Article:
Self-care has also been shown to be an important indicator of whether a middle-aged woman will experience body image concerns. For example, women who make time for themselves regularly, and take care of their own needs without feeling guilt have lower levels of body image concern and less disordered eating than women who do not take time to care for themselves [1].

Caring for the body may be incompatible with body dissatisfaction which often leads to food deprivation. It turns out that low self-care is associated with a higher body mass index, which may explain why body image issues are a greater problem in this group of middle aged women [1].

Societal expectations that a middle aged woman will look after others before attending to her own needs may contribute to this phenomenon [1].  Many women are accustomed to putting their own physical, mental, emotional and spiritual needs on the backburner to care for other family members, which can contribute to overall poor self-care.  Adapting self-care skills in midlife may feel difficult for a woman who has not prioritized her own needs; however, this is an important step toward building better body image.  

How Do Eating Disorders Present in Women Who Are Middle Aged?

When women in midlife present with eating disorders, they may have a chronic illness which has begun in earlier life, a relapse of a disorder which has been in remission, or a late-onset illness with no prior history [3].  In one review, 69% of those presenting over the age of 50 had a late-onset eating disorder, a fact which could be attributed to changes which occur around the menopause [3].

It has been suggested that, in mid-life, the eating disorder is a focus which takes away the need to face up to major life changes:

  • Parents aging
  • Children leaving home
  • Career transitions
  • Divorce from a long-term relationship
  • Or that it is a “defense against mortality” – an over-reaction to the health risks associated with obesity [2].  

Happy Middle-Aged Woman Painting

Women in midlife will also experiences physical changes in their body that can be triggering, especially to a woman who is simultaneously going through a major life change, as described above.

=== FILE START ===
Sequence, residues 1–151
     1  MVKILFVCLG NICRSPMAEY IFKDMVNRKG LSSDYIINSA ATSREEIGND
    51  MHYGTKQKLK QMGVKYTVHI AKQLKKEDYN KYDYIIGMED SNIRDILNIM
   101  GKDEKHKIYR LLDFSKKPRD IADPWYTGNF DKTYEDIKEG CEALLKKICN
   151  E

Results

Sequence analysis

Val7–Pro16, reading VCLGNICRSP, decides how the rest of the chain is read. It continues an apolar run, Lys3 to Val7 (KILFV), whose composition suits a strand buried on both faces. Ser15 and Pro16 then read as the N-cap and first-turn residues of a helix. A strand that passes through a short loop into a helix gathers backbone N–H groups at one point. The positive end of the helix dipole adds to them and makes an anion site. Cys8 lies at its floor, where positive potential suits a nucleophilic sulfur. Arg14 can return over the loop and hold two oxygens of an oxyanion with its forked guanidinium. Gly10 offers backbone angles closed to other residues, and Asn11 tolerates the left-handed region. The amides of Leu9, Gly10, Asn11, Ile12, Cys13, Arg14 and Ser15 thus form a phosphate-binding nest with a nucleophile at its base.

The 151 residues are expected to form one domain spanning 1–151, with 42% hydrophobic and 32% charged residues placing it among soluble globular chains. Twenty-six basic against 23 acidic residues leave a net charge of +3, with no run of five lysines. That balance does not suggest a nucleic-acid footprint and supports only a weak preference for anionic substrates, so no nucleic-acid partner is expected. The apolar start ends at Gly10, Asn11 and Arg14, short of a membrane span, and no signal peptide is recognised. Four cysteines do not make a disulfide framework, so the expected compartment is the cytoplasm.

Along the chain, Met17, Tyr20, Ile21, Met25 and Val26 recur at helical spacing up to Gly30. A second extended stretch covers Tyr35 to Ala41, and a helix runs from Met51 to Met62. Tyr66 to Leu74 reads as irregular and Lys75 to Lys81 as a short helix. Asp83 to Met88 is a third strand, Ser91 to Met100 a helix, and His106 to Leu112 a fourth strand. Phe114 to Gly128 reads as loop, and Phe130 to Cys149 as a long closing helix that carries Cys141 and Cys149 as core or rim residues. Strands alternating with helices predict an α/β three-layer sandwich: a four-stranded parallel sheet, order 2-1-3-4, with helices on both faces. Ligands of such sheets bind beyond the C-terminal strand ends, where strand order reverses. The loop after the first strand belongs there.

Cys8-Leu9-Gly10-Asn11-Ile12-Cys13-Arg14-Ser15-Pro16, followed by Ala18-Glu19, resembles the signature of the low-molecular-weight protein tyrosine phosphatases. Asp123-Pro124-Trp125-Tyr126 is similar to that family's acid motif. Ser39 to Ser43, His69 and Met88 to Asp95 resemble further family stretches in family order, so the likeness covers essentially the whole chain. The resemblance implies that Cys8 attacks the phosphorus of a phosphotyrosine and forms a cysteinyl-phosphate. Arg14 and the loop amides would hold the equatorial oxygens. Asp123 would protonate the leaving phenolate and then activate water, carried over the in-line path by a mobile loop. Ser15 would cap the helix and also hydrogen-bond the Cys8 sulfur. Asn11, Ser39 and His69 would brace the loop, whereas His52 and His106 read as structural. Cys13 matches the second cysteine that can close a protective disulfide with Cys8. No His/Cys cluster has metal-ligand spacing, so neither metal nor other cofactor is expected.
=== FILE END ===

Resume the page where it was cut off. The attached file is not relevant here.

For example, the process of menopause can influence many physical changes in the body, some which may be uncomfortable and difficult to adapt to.  

While weight gain may be a normal physiological response to hormonal changes in the body, a woman may find it overwhelming and challenging to adjust to these fluctuations within herself.  This can trigger more extreme behaviors as a means of “controlling” something that suddenly seems unmanageable.

In midlife eating disorders, excessive exercise is a common reaction to normal weight gain, whilst resorting to plastic surgery is one response to skin changes [2].  One study showed that when eating disordered inpatients aged forty or older were compared with younger inpatients, more had anorexia rather than bulimia, the severity of the eating disorder was greater, but there was actually less body image distortion [4].

The older patients also tended to have more concomitant affective disorders and suicidal ideation, and there was a trend amongst them towards substance misuse [4].

This suggests that middle-aged people with eating disorders severe enough to require inpatient treatment have very specific needs which must be addressed by the multidisciplinary team.  Many middle-aged women may hesitate to ask for the help needed to recover or admit the struggles they are facing, many times due to the stigma that surrounds eating disorders in older populations.